Graphic designer, illustrator of books, educator
Her work as a designer and teacher of serigraph was pioneering in the development of those arts in Puerto Rico. Her institutional designs of books and posters won many awards throughout her life.
Irene Esser was born on May 1, 1919, in Detroit, Michigan. She was raised in Toronto, Canada. Her father, who was Jewish, was a prominent ophthalmologist, among the first licensed to practice medicine there. Her mother was from Odessa in Ukraine. She worked making serigraphs on cloth and later introduced advanced batik techniques to the United States.
Irene studied piano from an early age and earned a Certificate of Excellence in piano from the Hambourg Conservatory of Music in Toronto in 1928. In 1935, she moved to Philadelphia, where she studied painting at the Pennsylvania Academy of Fine Arts. It was there she met her future husband, Jack Delano (1914-1997), an outstanding photographer, cinematographer and composer.
After graduating in 1937, she traveled in Europe for five months. In 1938, she settled in New York, where she participated in the exhibit “Young American Artists” at the R. H. Macy and Co. Gallery. The following year, she worked as an assistant to painter Anton Refregier in creating murals for the New York World’s Fair. On July 5, 1940, she married Jack Delano. For three years, she accompanied him in his travels for the Farm Security Administration (FSA), which commissioned him to document in photographs the situation in the United States.
In December of 1941, she visited Puerto Rico for the first time to join Delano, who had been sent by the F.S.A. to photograph all the towns of the island and the Virgin Islands. This time, she stayed in Puerto Rico for more than three months.
In 1943 and 1944, during World War II, she served in the Air Force at the Wright-Patterson Air Base in Dayton, Ohio. There, she designed training manuals, posters, magazines, books and brochures. On June 11, 1944, she was given the Award of Emblem for Civilian Service. After the war, she worked designing the magazine Photo Memo for the Standard Oil Company.
From 1946 on, Irene and Jack Delano established their permanent residence in Puerto Rico. Irene designed publications for the Information Division of the Office of the Governor in San Juan. One of the first was a brochure of general data on the island, titled “Puerto Rico Handbook.”
In 1947, the artist organized and directed the first serigraph and graphic arts workshop for the Parks and Recreation Commission. She trained the team on the serigraph technique. For two years, she produced posters and books. Along with Francisco Palacios, she designed the poster “Danger” and the serigraph brochure “Why the Pineapple?”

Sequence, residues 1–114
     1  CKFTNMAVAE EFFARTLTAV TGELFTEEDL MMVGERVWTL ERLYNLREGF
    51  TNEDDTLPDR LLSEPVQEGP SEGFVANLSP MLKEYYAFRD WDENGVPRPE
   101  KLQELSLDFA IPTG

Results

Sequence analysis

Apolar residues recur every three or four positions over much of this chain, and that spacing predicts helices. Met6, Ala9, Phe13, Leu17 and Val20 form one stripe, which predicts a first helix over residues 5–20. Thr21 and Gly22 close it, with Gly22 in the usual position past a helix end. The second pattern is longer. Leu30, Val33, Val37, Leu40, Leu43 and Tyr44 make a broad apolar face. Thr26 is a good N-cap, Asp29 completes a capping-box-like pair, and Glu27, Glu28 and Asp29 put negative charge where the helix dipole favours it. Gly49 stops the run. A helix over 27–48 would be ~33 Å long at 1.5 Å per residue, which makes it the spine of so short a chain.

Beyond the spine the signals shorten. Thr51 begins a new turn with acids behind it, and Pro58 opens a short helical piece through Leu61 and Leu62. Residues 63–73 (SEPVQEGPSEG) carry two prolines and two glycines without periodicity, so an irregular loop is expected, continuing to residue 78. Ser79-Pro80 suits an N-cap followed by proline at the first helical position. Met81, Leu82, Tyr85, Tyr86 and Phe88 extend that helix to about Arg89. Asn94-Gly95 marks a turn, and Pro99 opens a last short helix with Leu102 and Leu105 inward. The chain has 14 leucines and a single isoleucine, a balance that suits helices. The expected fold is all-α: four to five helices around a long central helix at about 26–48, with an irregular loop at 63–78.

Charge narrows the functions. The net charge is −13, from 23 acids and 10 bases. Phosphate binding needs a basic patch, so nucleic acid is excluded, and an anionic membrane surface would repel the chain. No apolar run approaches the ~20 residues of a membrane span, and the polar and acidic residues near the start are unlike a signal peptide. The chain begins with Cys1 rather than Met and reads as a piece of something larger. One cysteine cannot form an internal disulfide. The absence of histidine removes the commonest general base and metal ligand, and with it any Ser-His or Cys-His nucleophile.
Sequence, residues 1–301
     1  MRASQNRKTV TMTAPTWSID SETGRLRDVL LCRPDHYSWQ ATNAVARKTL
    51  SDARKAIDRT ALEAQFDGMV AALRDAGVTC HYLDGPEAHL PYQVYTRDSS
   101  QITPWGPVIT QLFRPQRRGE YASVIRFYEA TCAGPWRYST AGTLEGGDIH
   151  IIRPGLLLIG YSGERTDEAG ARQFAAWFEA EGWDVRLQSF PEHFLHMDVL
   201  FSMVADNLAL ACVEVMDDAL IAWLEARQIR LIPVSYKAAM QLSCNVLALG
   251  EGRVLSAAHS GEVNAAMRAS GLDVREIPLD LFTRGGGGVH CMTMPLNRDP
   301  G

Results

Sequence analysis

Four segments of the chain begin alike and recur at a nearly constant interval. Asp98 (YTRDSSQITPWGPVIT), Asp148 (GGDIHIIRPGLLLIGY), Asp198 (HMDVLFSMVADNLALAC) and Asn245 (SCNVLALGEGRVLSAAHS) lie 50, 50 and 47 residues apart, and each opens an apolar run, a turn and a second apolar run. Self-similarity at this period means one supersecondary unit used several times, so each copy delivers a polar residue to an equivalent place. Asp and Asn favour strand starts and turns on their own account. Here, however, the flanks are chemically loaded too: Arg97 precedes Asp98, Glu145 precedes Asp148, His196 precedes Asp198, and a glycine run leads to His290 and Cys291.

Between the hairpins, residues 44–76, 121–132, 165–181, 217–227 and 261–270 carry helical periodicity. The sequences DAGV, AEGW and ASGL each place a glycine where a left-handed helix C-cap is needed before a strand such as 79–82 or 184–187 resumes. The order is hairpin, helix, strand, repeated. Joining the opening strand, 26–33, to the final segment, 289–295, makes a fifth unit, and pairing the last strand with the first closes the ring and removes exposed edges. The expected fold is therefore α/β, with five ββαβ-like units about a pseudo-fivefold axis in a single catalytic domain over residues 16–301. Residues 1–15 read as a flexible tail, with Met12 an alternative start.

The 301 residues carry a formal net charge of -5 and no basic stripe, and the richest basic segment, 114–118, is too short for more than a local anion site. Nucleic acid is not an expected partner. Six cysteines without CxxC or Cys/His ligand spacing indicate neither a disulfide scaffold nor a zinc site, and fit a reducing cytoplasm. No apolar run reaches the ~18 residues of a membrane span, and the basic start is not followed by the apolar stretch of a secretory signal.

In 1948, Irene designed the first U.S. Postal Service stamp dedicated to Puerto Rico, commemorating the election of the first Puerto Rican governor.
The following year she was named director of the graphics section of the Community Education Division (DIVEDCO, for its Spanish acronym) in the Department of Public Education, a position she held until 1952. At that institution, she selected and trained the technical team, as well as introducing the serigraph method to the most important young artists of the era, including Julio Rosado del Valle, Lorenzo Homar, Rafael Tufiño, Francisco Palacios, Juan Díaz, José Manuel Figueroa, Eduardo Vera, Manuel Hernández Acevedo, Félix Bonilla Norat, Luis Padial and José Menéndez Contreras.
In 1949, she designed the first People’s Almanac for the Parks and Recreation Commission. In 1950, she won a Certificate of Excellence from the American Institute of Graphic Arts and the Printing for Commerce Exhibition for her design of the commemorative brochure of the inauguration of Governor Luis Muñoz Marín.
For the Community Education Division, she designed the “Christmas Singer” and the first two volumes in the series “Books for the Public: How Sugar Cane, Coffee, Tobacco and Many Other Things Came to the Island” and “How People Live in Different Parts of the World.” In 1951, she helped organize the “Exhibition of Engravings in Books and Print” in the University of Puerto Rico School of Humanities Exhibition Hall in Río Piedras. The following year she resigned from DIVEDCO to establish her own independent graphic design shop. One of her first works there was the design of the book “75th Anniversary of Albert H. Lee & Son, Inc.”, with drawings by Lorenzo Homar. In 1952, she also designed the letterhead and logo for La Fortaleza at the request of the Governor of Puerto Rico.
Her design in 1953 of the annual report of the Puerto Rico Industrial Development Company (PRIDCO) won a certificate of merit and was a competitor for the bronze trophy the “Oscar-of-Industry” by the New York Printers Association. In that era, she began to design Christmas cards in serigraph for various branches of the government, for the Pava Prints company and others. In 1954, she created the illustrations for the publication “Law of Puerto Rico” and designed the official seals of the branches of the Department of Justice. She also designed children’s books, the first of which was “Children’s Carols,” by Tomás Blanco. That book was selected by the Library of Congress for its rare book collection.